“We are drowning in information while starving for wisdom,” the scientist E.O. Wilson has observed. Newspapers, radio, television, magazines, email, social media platforms, podcasts, text messages, the list goes on. Humans create more information than any person could ever hope to consume. Just one data point: YouTube users upload 500 hours of video every minute.
No wonder writer Martin Gurri says we face a “digital tsunami.”
People who support the Mackinac Center care about the future of the United States and feel a laudable obligation to stay abreast of major political and policy developments.
But consider the tsunami of government actions one could try to track: legislation, statutes, mandates, regulations, advisories, executive orders, court opinions, etc. Multiply these by the number of governmental entities: cities, school districts, counties, taxing districts, state and federal agencies and more.
It might be possible to tune out the digital tsunami to some extent, but there’s no such luxury with government edicts. They carry the force of law, with serious consequences for one’s person, property or business — to say nothing about the trajectory of the country and our freedoms.
How does one keep up or discern what’s important?
I suspect this is one of the reasons you follow and support the Mackinac Center’s work. We picture our role as a lighthouse: We seek to highlight critical facts, helping people navigate a sea of information.
While we review every bill in the Michigan Legislature — nearly 2,500 bills annually — we do not chase every passing car. We prefer to focus on opportunities for strategic wins and long-lasting effects.
For example, when Gov. Gretchen Whitmer announced her intent to ignore the Legislature’s role during a state of emergency, we recognized an irrevocable shift in the balance of power under the Michigan Constitution. Yes, we were also concerned about the content of her emergency orders and their consequences for Michigan society. But the greater danger was having a governor who could arrogate power with few limitations. (Gov. Whitmer confirmed this fear by stating she would have used the Emergency Powers of Governor Act to suspend a state requirement that schools help students reach a certain level of proficiency in reading in the third grade.)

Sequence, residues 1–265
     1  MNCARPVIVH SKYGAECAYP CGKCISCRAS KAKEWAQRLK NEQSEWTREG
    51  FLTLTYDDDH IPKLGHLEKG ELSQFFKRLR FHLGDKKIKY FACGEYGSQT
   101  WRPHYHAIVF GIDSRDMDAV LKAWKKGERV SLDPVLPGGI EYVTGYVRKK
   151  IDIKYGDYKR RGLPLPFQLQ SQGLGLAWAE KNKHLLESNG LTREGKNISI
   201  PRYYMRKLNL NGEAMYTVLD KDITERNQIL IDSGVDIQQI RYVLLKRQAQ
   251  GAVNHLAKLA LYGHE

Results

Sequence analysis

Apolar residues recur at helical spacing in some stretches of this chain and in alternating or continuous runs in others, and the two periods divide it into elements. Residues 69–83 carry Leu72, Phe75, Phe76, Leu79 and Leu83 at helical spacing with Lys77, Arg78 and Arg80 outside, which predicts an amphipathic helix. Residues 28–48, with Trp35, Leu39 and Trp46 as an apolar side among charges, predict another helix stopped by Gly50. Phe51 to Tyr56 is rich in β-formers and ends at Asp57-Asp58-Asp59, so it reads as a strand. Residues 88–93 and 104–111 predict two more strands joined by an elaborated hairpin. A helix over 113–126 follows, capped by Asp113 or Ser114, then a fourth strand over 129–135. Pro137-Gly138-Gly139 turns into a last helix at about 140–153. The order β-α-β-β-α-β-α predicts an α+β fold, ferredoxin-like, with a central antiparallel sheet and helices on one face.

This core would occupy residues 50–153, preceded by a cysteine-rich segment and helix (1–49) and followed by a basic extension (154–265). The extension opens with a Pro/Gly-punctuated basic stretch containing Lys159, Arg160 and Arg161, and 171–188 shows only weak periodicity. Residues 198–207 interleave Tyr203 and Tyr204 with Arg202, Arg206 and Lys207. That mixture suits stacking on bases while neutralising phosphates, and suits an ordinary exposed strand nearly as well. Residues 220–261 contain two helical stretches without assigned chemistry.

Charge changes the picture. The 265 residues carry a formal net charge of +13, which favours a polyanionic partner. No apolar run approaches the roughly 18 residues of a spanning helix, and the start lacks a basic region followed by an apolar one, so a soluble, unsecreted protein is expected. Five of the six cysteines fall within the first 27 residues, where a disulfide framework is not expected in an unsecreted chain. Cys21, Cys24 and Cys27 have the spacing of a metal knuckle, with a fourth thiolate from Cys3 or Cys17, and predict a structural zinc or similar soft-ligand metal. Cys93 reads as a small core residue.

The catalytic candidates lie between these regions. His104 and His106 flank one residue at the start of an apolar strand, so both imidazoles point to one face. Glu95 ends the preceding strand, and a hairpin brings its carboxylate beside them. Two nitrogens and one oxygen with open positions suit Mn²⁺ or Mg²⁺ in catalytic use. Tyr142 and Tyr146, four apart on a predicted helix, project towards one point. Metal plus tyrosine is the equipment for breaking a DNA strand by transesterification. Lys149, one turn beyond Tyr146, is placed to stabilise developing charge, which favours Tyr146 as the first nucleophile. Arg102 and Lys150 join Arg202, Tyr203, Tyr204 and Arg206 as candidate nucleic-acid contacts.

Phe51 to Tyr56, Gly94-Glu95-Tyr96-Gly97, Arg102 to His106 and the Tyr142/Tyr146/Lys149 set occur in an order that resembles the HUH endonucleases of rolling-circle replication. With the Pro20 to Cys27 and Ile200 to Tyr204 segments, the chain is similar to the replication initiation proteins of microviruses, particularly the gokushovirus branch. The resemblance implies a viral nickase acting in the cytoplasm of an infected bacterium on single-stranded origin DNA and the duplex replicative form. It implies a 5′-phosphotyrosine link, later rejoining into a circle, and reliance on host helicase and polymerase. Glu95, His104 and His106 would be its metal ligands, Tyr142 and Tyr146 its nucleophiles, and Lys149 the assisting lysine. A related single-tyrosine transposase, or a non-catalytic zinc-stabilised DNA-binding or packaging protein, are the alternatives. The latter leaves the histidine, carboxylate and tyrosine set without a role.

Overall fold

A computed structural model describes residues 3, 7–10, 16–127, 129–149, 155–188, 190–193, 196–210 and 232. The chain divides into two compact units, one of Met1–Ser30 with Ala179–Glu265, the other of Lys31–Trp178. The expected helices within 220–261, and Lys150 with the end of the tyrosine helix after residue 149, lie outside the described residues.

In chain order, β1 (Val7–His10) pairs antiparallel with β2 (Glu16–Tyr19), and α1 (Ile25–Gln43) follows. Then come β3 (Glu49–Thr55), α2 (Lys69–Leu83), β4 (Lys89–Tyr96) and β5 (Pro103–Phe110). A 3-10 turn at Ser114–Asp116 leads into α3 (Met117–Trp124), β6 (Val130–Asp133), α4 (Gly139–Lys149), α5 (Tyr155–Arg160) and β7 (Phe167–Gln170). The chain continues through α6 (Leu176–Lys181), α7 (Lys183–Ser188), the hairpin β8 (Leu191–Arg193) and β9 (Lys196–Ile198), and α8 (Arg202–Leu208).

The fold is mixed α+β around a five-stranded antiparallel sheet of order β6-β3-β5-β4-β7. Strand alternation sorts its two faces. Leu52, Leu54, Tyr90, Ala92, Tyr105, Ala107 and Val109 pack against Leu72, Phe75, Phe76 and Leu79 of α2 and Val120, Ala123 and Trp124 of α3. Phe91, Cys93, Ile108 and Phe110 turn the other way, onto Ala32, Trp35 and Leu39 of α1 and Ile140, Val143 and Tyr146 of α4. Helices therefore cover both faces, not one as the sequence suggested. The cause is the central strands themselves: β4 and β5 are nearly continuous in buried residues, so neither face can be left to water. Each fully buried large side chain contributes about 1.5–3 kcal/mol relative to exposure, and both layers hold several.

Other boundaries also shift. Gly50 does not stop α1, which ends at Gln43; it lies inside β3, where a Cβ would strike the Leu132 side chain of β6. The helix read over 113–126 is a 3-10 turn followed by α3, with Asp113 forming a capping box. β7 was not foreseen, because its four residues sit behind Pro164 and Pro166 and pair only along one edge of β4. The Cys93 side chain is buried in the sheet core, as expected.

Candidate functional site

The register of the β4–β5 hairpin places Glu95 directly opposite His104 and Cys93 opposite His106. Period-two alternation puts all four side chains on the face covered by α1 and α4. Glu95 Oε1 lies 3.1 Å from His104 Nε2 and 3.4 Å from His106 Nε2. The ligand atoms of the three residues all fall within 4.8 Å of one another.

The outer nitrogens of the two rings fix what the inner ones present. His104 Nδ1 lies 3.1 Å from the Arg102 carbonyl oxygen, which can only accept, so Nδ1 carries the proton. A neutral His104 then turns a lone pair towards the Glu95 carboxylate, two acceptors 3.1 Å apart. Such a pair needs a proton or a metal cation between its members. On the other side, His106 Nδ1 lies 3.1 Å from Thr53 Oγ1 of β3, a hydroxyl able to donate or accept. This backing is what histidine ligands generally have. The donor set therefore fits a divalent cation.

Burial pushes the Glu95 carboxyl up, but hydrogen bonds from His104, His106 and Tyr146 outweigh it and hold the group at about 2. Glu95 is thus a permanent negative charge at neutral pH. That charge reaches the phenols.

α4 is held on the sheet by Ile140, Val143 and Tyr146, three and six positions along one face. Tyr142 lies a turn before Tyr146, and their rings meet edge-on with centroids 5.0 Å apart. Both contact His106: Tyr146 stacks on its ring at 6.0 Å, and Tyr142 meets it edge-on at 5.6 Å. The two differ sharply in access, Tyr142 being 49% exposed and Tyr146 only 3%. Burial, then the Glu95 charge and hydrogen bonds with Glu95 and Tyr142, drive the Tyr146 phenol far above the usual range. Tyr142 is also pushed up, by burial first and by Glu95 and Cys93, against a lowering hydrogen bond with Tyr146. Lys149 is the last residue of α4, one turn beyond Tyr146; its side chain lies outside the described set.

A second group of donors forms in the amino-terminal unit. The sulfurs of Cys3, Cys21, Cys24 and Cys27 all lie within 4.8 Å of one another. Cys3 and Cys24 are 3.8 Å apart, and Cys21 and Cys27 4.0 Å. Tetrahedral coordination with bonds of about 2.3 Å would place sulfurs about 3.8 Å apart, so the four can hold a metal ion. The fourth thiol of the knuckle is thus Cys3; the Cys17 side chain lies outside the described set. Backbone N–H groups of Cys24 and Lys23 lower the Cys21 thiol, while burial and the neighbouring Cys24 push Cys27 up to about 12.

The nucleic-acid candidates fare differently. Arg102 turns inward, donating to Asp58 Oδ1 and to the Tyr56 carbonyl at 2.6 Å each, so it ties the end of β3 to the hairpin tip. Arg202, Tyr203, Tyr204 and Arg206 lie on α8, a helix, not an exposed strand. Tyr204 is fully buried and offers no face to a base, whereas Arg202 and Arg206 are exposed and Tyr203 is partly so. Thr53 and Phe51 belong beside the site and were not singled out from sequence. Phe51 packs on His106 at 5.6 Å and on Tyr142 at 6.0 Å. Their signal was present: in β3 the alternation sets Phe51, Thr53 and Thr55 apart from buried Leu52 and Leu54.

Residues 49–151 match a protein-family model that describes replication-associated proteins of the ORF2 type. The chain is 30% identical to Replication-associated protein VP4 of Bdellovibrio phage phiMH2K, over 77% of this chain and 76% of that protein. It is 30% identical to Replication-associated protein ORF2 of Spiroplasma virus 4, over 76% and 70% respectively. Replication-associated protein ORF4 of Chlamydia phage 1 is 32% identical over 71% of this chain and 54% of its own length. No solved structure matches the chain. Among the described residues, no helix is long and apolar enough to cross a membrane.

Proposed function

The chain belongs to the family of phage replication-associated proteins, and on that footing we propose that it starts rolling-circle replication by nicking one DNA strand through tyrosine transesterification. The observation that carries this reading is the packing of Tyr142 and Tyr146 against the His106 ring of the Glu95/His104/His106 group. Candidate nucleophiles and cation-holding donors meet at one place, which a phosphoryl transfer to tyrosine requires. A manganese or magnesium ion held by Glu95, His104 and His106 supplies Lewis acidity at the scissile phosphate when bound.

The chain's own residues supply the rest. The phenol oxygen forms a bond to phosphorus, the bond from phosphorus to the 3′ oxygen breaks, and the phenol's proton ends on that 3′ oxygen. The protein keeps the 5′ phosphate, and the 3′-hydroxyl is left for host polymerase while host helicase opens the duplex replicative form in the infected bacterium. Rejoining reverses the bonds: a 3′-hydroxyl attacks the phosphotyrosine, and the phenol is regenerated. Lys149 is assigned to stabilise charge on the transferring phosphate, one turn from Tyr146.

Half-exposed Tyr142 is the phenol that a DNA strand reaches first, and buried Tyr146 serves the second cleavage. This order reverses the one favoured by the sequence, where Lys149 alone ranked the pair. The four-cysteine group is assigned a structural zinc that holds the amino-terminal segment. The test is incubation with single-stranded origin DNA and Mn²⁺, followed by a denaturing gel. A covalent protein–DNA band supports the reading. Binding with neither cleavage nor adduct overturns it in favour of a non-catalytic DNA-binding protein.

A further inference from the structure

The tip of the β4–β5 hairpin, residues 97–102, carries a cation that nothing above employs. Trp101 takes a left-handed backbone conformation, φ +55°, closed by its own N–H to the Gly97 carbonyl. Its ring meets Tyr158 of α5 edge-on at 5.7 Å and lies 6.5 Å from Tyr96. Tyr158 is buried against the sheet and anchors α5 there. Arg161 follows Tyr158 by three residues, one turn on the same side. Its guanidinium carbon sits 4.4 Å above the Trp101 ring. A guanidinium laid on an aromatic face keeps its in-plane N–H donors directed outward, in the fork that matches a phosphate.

The Mackinac Center’s policy experts and strategic thinkers ask several questions when we select issues and priorities for our work:
• Is this a viable idea, or will it take time to develop?
• Does it significantly increase economic opportunity?
• Do we have expertise in this area?
• Does it affect personal liberty?
• Does it change the structure of limitations on government?
• Does it expand or constrict the footprint of government?
• Are we on offense or just playing defense?
• Can we demonstrate how this policy will help or hurt people?
• If the Mackinac Center doesn’t do this, who will?
To paraphrase management guru Peter Drucker, leadership includes doing things well and, more importantly, picking the right priorities.